Production Notes - Live And Let Die

Diamonds Are Forever had been another huge hit for Eon's Bond franchise, but producers Harry Saltzman and Albert R. Broccoli had been aware all along that Sean Connery's return to the fold had been a temporary one, the star agreeing to just the one film before again moving on to pastures new. So before they could begin production on their next film, Live And Let Die, the hunt would have to begin again for a new Bond.

Above: Roger Moore as James Bond 007

But even before Saltzman and Broccoli began grappling with the major headache of who should replace Connery, pre-production was well underway. Tom Mankiewicz returned to write his second script for the Bond series and, as was becoming increasingly the case, took very little from Fleming's novel save the title, a handful of characters and the very basic plot. While he gutted the novel of its most cinematic elements, returning director Guy Hamilton and production designer Syd Cain headed for Jamaica in March to scout out likely locations.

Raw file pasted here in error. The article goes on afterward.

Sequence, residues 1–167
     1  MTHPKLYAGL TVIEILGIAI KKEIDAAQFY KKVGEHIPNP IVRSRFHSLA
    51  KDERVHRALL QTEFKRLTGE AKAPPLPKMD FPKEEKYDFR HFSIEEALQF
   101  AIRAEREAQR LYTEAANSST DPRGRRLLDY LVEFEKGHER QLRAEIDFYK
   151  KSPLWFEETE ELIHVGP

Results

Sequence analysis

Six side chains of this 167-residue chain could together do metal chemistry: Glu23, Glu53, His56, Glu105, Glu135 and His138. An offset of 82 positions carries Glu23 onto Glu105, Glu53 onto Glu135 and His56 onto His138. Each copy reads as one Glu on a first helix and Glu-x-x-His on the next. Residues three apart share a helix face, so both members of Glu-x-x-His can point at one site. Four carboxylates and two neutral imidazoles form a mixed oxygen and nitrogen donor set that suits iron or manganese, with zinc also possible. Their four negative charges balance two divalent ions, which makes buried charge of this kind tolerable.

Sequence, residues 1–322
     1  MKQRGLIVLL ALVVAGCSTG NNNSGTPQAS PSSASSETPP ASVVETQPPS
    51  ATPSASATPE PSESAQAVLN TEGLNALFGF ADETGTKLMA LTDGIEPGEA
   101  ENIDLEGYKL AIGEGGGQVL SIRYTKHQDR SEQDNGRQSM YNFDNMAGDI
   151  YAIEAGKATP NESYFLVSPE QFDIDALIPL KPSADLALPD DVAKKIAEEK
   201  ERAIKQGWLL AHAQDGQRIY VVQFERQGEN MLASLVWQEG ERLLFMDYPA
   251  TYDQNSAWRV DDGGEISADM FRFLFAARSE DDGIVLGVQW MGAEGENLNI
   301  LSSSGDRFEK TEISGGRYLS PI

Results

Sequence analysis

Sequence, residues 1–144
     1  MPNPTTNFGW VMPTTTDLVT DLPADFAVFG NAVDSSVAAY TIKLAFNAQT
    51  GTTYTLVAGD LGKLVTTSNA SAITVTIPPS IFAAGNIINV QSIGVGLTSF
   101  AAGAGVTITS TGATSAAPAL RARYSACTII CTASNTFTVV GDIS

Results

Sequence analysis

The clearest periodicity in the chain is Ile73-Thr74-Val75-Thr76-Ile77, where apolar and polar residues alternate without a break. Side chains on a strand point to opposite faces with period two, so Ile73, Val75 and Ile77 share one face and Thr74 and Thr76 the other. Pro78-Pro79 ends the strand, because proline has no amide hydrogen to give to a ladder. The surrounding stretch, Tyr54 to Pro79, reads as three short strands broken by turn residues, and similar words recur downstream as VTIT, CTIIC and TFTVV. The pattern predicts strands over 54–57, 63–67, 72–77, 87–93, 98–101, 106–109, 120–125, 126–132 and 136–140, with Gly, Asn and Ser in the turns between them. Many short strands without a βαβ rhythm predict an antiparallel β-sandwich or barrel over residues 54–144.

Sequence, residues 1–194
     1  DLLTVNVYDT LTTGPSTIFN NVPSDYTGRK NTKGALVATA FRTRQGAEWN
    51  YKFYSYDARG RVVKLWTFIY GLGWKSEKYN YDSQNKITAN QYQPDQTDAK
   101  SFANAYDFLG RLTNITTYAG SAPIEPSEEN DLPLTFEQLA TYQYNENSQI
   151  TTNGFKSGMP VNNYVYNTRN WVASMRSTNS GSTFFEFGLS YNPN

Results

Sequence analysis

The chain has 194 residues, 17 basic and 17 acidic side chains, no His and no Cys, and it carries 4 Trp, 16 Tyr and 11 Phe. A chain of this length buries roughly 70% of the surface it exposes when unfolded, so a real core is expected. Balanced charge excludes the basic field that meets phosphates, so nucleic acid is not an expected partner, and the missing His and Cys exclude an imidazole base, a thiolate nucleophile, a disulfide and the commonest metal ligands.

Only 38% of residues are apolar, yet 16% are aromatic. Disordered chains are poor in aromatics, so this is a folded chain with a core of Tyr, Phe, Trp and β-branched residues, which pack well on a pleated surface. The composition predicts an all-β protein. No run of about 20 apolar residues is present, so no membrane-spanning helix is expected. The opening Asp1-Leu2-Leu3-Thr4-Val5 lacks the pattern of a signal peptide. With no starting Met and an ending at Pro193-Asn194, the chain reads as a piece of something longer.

Back in the UK, Saltzman and Broccoli dabbled with the idea of not using an actor at all for their new Bond, but looking for someone from the armed services who might be able to take on the part.

They took out advertisements in army magazines asking "Are you 007?" and waited to see what would happen. Unfortunately, the reply they got was from Equity, the actor's union, who objected most strongly and demanded that EON drop their plans.